The "three families" of manuscripts claim is a mere human invention. It was essentially unheard of until Westcott and Hort developed it in an attempt to justify their radical new version. Many "esteemed scholars" of today believe dividing the manuscripts into three [or four] subjective families is misleading and self-serving. Notice these quotes as found in Jack Moorman's work, Forever Settled,

"We have reconstructed text types and families and subfamilies and in so doing have created things that never before existed on earth or in heaven." (Parvis).

"It is still customary to divide MSS into four well-known families ...this classical division can no longer be maintained." (Klijn).

"Was there a fundamental flaw in the previous investigation which tolerated so erroneous a grouping ... Those few men who have done extensive collating of MSS, or paid attention to those done by others, as a rule have not accepted such erroneous groupings." (Metzger).

"I defy anyone, after having carefully perused the foregoing lists ... to go back to the teaching of Dr. Hort (regarding text-types) with any degree of confidence." (Hoskier) .

Concerning the "Western Text," notice this quote from Moorman,

"Colwell observes that the Nestle text (25th edition) denies the existence of the Western text as an identifiable group, saying it is "a denial with which I agree." Speaking of von Soden's classification of the Western text, Metzger says, "so diverse are the textual phenomena that von Soden was compelled to posit seventeen subgroups." And Klijn, speaking of a pure or original western text affirms that "such a text did not exist."

In short, the content of the subjective "families" of manuscripts can be shifted at will by any scholar who wishes to, thus it is a meaningless designation.

Wrong: the "three families" were recognized by J. J. Griesbach in the late eighteenth century (Hills, King, 65, 126: Hills, Edward F.. The King James Version Defended. Des Moines: Christian Research Press, 1984)

At what is now I Timothy 5:18 God wrote through Paul "For the scripture saith, Thou shalt not muzzle the ox when he treadeth out the corn. And, The laborer is worthy of his hire" (ASV). The first quote of "the scripture" in I Timothy 5:18 is from Deuteronomy 25:4, and the second is from Luke 10:7 (in Criswell, 1843). What is of note is that the Byzantine text has one Greek reading for Luke 10:7 and the Alexandrian and Western texts have another Greek reading. Alexandrian-type Codex Vaticanus has ***** *** * ******* *** ****** ***** (Maius, 133) and Western-type Codex Bezae has the same text (Scrivener, Bezae, 204). The source text for the KJV adds ?st? at the end of the sentence (in Green, 218) as do the majority of manuscripts (Hodges, Farstad, 275) and the Greek text traditionally approved and used by the Eastern and Greek Orthodox churches (Zodhiates, 235); these represent Luke 10:7 in the Byzantine text. Literal English renderings of each Greek reading are as follows:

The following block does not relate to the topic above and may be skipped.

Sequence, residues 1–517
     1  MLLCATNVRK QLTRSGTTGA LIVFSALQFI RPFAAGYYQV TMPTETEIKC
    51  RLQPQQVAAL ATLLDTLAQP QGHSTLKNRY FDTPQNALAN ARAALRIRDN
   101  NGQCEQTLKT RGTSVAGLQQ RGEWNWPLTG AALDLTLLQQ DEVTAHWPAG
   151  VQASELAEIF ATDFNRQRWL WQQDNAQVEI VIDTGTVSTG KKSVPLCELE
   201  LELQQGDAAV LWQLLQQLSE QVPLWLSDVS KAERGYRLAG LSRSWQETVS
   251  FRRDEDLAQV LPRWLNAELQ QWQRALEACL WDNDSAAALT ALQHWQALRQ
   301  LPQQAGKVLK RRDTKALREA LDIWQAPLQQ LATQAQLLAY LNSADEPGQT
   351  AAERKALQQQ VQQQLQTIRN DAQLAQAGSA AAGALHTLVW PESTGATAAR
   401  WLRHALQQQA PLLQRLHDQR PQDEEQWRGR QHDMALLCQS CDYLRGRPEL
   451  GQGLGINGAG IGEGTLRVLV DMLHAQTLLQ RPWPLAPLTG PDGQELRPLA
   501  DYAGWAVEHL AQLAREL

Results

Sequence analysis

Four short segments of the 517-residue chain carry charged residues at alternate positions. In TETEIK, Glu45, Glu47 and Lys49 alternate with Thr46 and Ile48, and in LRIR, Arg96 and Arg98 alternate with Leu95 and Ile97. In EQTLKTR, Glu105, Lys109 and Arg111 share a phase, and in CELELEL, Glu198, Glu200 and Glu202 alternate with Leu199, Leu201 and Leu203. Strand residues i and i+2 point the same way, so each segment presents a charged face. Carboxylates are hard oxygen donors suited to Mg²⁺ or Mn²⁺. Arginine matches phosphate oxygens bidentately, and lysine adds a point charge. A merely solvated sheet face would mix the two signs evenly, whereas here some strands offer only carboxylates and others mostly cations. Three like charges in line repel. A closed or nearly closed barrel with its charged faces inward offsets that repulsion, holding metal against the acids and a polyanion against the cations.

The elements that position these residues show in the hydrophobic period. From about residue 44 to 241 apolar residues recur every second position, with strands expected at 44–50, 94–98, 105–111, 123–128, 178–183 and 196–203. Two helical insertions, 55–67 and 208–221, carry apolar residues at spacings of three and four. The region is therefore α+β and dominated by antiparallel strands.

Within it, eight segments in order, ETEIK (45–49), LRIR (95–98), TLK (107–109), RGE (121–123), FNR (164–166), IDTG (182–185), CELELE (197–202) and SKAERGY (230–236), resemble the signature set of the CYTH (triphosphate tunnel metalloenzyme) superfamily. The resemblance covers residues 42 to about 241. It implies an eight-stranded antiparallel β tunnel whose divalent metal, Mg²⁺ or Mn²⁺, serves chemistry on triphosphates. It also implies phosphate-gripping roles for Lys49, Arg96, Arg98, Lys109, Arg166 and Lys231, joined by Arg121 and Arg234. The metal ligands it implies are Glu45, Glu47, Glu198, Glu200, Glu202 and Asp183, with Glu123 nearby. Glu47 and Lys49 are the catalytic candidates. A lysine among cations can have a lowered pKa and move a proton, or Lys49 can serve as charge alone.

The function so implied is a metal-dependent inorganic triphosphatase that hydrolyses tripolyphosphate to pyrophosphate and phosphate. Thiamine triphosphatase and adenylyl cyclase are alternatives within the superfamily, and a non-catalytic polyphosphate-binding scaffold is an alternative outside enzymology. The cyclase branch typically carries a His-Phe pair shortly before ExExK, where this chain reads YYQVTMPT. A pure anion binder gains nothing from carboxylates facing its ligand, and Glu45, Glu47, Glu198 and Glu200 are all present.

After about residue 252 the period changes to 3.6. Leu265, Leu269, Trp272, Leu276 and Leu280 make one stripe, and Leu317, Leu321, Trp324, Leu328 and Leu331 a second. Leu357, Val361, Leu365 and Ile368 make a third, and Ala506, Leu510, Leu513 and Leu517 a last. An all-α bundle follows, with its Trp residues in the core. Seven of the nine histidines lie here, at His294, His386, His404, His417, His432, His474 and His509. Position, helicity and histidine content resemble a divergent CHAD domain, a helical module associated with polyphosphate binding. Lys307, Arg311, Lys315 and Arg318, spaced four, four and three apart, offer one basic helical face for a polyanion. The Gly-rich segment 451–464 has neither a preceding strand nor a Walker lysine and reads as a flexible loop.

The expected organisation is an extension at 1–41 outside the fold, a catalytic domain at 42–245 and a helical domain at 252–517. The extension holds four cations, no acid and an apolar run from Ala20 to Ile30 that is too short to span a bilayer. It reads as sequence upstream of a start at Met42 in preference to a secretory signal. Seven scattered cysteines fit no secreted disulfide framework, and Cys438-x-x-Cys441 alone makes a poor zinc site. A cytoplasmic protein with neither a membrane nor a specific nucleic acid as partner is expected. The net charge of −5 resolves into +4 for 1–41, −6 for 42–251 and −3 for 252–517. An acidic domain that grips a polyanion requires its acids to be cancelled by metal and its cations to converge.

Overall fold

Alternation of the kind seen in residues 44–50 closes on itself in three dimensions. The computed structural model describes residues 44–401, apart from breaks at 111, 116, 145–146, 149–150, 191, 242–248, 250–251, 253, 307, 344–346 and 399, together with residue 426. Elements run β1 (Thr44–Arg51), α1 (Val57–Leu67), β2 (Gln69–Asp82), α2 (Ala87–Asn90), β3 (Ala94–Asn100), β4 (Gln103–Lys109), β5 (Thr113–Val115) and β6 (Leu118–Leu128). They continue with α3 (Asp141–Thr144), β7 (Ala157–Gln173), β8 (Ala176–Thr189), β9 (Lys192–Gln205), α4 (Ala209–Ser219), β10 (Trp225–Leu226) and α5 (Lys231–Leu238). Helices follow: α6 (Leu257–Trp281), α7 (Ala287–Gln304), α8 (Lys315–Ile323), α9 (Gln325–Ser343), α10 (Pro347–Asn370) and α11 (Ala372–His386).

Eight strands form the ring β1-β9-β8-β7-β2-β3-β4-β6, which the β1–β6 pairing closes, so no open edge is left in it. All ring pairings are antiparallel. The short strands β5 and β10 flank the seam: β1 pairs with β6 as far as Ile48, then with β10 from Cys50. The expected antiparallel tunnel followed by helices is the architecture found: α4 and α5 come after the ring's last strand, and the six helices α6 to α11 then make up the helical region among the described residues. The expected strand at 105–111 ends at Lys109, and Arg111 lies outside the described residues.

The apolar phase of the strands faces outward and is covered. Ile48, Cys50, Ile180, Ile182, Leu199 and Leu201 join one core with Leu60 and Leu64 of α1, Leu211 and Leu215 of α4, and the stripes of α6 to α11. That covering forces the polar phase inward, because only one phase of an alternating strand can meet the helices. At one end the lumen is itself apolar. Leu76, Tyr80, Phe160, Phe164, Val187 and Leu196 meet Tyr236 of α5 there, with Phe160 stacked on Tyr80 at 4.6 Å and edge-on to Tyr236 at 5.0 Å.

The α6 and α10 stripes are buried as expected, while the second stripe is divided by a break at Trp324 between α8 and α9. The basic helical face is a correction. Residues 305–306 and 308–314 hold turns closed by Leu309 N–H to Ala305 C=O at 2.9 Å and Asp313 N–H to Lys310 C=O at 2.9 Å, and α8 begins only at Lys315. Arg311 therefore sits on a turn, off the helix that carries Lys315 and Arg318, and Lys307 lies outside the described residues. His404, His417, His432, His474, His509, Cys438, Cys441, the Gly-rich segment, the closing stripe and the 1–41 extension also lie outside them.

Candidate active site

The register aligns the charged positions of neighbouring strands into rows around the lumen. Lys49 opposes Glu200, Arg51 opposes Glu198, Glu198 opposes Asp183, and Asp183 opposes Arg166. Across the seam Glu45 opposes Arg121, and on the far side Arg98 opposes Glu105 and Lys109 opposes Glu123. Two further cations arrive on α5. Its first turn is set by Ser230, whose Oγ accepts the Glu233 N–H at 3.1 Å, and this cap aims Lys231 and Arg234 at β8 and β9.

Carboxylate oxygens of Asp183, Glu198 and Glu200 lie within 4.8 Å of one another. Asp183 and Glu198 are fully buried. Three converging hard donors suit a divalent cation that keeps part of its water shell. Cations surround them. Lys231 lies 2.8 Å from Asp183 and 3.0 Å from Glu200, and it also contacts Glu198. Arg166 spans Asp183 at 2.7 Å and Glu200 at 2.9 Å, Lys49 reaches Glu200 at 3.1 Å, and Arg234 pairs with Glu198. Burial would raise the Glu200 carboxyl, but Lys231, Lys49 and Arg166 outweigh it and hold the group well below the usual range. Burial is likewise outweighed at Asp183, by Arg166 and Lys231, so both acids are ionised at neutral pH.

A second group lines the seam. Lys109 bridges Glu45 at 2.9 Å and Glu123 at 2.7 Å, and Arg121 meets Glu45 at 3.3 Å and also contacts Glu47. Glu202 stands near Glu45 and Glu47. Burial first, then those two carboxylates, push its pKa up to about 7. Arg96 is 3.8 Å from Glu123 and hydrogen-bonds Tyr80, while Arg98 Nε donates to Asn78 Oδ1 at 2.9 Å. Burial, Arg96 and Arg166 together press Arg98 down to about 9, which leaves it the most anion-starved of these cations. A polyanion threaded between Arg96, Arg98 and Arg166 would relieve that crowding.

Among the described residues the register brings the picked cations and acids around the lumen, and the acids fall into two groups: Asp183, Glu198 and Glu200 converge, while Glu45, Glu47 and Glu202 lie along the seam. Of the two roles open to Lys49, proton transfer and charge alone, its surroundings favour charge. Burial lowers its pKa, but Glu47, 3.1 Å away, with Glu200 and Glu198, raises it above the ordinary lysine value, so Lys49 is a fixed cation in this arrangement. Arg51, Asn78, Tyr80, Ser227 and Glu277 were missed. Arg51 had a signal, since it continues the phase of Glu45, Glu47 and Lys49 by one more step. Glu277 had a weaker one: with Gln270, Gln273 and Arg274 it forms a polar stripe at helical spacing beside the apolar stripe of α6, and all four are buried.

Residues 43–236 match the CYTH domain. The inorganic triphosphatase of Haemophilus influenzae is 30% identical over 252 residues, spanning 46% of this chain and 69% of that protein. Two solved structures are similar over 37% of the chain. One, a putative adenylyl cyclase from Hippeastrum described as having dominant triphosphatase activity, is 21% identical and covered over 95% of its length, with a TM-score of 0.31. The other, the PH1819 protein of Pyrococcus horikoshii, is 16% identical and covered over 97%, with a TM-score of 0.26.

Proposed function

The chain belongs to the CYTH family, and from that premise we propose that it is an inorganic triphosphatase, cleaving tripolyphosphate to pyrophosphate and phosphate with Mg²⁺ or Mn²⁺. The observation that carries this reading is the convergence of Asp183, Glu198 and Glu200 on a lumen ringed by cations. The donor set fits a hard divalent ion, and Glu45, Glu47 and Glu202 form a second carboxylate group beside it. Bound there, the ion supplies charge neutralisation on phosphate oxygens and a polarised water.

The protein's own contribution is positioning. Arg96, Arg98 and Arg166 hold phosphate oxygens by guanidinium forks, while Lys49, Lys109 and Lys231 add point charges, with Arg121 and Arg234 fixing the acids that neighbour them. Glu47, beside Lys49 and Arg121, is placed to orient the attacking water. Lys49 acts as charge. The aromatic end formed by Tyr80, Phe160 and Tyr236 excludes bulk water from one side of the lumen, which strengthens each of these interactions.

Alexandrian/Western: “for worthy the workman of the pay of him” (Marshall, 202)

Byzantine: “for worthy the workman of his hire is” (in Berry, 186); *** = “is” (Farstad, Hodges, et al, 250).

The Byzantine text clarifies the sentence with an additional word: **** = “is.”

I Timothy 5:18 has ****** * ******* *** ****** ***** (in Douglas, 246, 733), and this matches the source text for the KJV (in Green, 645), the text used by the Eastern and Greek Orthodox churches (in Zodhiates, 695), and the majority of manuscripts (Hodges, Farstad, 631) and the 1881 Westcott-Hort text (Westcott, Hort, 488). This is an exact match for Luke 10:7 minus *** = "for" (in Douglas, 246, 733), which is understandable because “for” connects the clause into another sentence at Luke 10:7, while at I Timothy 5:18 the clause was intended to stand by itself. What is to be noticed is that the quotation of Luke 10:7 at I Timothy 5:18 does not have the Byzantine text’s ?st?, leaving the “is” implied, as in the Alexandrian and Western texts for Luke 10:7. If the Byzantine text was both original and available to Paul, it is not likely that he would have chosen the opposing less-clear version of the clause; the less-clear 4 version must have been what Paul had to quote from. Therefore, when Paul quoted the Gospel of Luke in the 060’s C.E., the text that he used was not Byzantine in nature.

The significance of this should not be overlooked. God ultimately wrote I Timothy through Paul. God did not use a Byzantine-type text to write this passage of Scripture, and because writing the New Testament was part of establishing the church, this means that God did not use a Byzantine-type text to establish the church. The Byzantine text was not the text of the New Testament church.

Now lets look at the claim there is an "Alexandrian" family of texts. The two primary manuscripts of this family are Vaticanus and Sinaiticus, but as has been said, these two family members don't get along very well. There are thousands of disagreements between them.

Here is what Hoskier concluded about these two "brothers,"

"Hoskier, after filling 450 pages with a detailed and careful discussion of the errors in Codex B and another 400 on the idiosyncrasies of Codex Aleph, affirms that in the Gospels alone these two MSS differ well over 3,000 times, which number does not include minor errors such as spelling, nor variants between certain synonyms which might be due to "provincial exchange."